On the Pacific coast, Henricia sanguinolenta is nearly always white to pale orange. The Atlantic form is red, as the species name suggests. It has five arms up to 13 cm long, and an arm-to-disc ratio of 5 to 7. The aboral surface consists of smalt close-set pseudopaxillae with few (3 to 6) to many (25 to 30) spinelets. The papular areas are smalt with 1 to 4 papulae. The marginals are also small and do not form an obvious series. A row of intermarginals varies from a short series to the full length of the arm. Oral intermediates form one or two series, with the longest row reaching to the distal third of the arm. The adambulacrals usually have 10 to 15 (5 to 25) spinelets on each plate, 2 or 3 of these on the edge of the furrow. A short curved spinelet sits on the furrow face.
Taxonomic Note: The taxonomy of this species in the North Pacific is in need of revision. There is disagreement in the literature that remains unresolved. According to Madsen (1987), H. sanguinolenta does not occur in the North Pacific but its close relative, H. tumida Verrill, 1909, does. H. tumida has short stubby arms and its arm-to-disc ratio is from 2 to 2.7. Fisher (1911) examined over 1000 specimens of Henricia from the west coast and determined that many fit the description of H. sanguinolenta. I have also examined specimens with an arm-to-disc ratio of 4.5 to 6.9, which is well out of the range of H. tumida and closer to that of H. sanguinolenta. Madsen did not consider North Pacific specimens in his study, so I am more inclined to agree with Fisher for the purposes of this book . Obviously, more taxonomic work on this species is needed.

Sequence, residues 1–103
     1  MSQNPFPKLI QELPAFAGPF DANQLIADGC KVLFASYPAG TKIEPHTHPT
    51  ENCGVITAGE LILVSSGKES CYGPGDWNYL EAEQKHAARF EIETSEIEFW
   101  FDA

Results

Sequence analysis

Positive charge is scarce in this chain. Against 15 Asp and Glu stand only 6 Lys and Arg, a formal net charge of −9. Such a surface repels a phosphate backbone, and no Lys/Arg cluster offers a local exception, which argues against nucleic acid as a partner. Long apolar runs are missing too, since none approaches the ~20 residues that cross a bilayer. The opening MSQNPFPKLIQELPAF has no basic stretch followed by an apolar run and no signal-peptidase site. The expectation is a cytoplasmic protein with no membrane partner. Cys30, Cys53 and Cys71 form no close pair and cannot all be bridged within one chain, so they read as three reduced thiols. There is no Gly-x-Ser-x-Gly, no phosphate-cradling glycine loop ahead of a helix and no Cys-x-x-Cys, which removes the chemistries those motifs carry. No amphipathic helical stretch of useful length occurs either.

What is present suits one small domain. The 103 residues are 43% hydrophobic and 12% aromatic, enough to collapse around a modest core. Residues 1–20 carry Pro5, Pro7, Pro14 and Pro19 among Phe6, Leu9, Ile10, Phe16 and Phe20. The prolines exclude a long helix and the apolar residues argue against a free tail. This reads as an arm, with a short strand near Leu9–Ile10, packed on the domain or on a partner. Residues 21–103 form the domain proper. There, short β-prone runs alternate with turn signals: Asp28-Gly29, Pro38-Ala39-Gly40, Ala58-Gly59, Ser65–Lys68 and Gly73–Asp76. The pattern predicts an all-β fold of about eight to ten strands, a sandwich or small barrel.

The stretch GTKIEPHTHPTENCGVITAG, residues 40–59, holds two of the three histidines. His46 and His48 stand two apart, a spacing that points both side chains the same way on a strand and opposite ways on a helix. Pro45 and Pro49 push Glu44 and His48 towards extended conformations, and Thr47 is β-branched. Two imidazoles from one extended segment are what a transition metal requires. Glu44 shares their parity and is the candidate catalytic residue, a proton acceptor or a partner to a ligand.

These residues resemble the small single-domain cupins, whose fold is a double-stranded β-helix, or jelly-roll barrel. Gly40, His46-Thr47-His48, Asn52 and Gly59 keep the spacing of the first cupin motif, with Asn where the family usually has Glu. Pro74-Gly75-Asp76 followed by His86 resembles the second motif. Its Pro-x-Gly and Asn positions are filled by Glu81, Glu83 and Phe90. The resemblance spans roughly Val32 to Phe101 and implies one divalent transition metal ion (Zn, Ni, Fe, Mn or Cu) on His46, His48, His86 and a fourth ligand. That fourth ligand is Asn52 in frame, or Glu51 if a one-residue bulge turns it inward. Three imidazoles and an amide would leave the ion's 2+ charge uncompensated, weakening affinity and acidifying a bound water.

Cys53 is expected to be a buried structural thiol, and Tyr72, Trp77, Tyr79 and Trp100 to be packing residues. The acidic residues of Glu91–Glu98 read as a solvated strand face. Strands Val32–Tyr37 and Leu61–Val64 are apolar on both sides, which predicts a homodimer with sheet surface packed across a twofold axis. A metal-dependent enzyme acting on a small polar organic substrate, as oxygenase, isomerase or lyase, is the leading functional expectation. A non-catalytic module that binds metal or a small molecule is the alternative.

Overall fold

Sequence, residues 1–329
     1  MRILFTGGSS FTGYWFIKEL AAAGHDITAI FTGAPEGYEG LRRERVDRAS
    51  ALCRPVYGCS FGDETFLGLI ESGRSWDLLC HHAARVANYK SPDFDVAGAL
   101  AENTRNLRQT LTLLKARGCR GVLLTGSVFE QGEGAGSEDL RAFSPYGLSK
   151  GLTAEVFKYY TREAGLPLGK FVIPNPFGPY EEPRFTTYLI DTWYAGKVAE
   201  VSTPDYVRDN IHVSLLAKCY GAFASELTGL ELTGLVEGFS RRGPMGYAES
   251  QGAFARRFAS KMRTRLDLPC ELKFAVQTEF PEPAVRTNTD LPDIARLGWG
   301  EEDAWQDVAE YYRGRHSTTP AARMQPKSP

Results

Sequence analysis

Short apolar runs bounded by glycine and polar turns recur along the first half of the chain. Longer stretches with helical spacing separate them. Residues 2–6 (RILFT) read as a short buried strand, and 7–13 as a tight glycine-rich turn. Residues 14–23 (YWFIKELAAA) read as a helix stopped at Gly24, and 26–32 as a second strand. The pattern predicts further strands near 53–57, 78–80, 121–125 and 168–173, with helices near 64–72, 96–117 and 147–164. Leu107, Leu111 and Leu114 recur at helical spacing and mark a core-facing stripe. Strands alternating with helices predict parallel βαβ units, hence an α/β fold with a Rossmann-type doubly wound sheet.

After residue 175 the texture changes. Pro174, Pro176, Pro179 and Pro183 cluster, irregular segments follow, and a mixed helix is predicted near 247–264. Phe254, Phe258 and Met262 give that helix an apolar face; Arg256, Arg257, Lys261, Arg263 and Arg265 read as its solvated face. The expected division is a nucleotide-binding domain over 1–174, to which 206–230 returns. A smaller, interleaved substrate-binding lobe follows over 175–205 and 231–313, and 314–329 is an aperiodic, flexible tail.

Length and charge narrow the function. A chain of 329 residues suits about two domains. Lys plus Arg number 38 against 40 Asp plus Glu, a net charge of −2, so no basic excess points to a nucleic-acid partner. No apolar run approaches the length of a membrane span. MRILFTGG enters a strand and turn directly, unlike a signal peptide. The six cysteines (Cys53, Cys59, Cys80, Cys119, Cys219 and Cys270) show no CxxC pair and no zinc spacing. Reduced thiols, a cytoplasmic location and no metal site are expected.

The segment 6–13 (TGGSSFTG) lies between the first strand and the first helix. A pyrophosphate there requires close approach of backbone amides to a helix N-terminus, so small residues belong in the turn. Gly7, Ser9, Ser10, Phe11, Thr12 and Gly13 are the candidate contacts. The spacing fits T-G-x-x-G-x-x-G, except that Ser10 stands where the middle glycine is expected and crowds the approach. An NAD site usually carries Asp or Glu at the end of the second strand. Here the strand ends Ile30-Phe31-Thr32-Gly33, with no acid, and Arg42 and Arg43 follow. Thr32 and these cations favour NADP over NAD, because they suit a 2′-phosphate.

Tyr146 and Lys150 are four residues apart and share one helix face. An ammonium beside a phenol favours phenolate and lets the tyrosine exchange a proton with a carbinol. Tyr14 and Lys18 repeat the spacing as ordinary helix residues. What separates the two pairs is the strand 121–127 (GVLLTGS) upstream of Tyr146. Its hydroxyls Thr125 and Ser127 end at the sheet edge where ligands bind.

Similar SpeciesIn contrast to other Henricia species, this one has small marginals that do not form an obvious series. The arms are generally fat at the base and often there is a crease where the arm joins the disc. Within diving depth this is the only white